When I first started receiving surveys, I was flattered that anyone so deeply cared about my opinion. I knew it was all marketing, but still believed that these companies were interested in improving their products, services, or at the very least their customer service. I have a background in sales and marketing so I bought in. It’s logical …take it to the people. Let’s improve by giving them what they want.
My very first survey was a one page, ten question document that arrived via snail mail. There was a dollar bill taped to a very gracious thank you note, along with a stamped return envelope. I was nearly giddy that someone cared so much about my opinion…about me. I gave consideration to my answers and was careful to write in legible cursive.
Fast forward several years. Today I can’t purchase any item online without Survey Monkey popping up on my screen. Yet I have every pop-up blocker available. The questions are redundant. I answered the first dozen questionnaires and my answers were consistent. I find myself screaming at my computer screen, “You asked me this last week, dammit…I already told you! Hello? Anybody reading these? You don’t like my answers? Then stop asking me nimrod.”
The very worst offender is my cable provider who, I’m convinced, has a whole department dedicated to pissing off the customer by inundating them with email surveys, phone surveys, and old fashioned snail mail surveys, sans the dollar bill and stamped return envelope. Fact is, they repeatedly overbill me, and can’t provide the services they promised me, and when I do need a technician, seems he can’t fix what’s broken and they have to send another tech and this sets up another argument with billing. Yet the recording asks, “How would you rate your service today on a scale of 1-10 “Minus ten” I answer. “I’m sorry, we didn’t understand. Please use the numbers on your keypad.”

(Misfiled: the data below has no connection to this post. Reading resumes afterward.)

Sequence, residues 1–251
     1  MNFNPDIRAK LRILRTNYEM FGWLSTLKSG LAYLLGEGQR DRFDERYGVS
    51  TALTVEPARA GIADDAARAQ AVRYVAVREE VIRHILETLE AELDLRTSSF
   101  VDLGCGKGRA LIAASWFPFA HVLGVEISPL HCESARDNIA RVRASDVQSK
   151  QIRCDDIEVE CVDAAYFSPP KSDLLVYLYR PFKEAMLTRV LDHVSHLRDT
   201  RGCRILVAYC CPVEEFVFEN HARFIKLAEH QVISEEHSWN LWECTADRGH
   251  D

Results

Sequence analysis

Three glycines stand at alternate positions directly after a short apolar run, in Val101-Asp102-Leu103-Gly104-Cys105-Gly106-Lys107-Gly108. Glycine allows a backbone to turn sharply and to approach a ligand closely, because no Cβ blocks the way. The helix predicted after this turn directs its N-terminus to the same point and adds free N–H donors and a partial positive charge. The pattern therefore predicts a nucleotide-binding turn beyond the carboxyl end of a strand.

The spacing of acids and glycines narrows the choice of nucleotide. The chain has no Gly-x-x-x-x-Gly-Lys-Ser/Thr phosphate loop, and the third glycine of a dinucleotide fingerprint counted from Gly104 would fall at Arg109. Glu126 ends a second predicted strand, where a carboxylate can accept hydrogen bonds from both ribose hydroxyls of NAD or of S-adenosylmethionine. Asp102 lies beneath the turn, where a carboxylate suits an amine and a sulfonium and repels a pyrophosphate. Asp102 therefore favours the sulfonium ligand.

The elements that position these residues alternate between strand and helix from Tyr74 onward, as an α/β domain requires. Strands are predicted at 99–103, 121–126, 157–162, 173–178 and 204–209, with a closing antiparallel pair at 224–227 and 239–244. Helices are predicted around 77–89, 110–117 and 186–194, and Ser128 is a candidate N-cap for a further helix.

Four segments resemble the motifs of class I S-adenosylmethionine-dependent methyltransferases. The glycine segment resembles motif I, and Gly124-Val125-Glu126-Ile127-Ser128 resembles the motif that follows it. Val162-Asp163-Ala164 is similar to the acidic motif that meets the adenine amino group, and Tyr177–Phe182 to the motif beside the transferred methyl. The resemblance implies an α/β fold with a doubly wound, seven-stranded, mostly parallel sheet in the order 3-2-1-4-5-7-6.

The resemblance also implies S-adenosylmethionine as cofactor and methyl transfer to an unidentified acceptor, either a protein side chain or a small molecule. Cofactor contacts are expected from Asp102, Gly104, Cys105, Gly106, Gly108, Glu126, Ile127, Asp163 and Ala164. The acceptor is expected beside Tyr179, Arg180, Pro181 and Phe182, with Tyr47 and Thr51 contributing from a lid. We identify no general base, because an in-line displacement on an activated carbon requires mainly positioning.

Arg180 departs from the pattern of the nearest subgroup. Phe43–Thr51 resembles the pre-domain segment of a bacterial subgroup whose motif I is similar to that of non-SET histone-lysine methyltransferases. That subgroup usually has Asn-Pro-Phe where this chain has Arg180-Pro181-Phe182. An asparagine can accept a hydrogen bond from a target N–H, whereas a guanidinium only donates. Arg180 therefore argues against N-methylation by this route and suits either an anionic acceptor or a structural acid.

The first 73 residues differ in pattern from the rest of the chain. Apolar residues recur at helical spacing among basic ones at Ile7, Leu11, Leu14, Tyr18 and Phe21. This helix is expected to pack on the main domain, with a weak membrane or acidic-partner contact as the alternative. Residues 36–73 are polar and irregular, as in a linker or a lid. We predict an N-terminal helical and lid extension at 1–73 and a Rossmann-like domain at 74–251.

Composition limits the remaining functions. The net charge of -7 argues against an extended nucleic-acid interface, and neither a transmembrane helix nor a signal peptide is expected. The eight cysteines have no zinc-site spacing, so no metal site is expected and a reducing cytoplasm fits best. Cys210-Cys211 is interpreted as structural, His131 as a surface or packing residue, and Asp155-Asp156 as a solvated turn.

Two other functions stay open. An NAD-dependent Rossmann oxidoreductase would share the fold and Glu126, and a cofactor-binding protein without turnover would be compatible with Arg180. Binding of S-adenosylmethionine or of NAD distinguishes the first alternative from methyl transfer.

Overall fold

No matter how poorly I rate them, nothing changes. I can’t switch providers because there are none available to me. After complaining about a particularly inept technician, they sent the same tech to fix the problem he couldn’t fix in the first place. But my phone rang just after he left, “Hello,” the recording said sweetly. “We’re conducting a survey regarding your latest service call. Your opinion is important to us.” Right…
That blatant lie has transformed giddy into rage. I don’t answer surveys anymore. It’s another good idea gone amuck by overuse. Hey, listen up corporate America! If your sales are declining, instead of scratching your head, READ the surveys. But I suspect, after all these many years of soliciting my opinion, that you don’t give a damn what I think.
Care to share a survey story?
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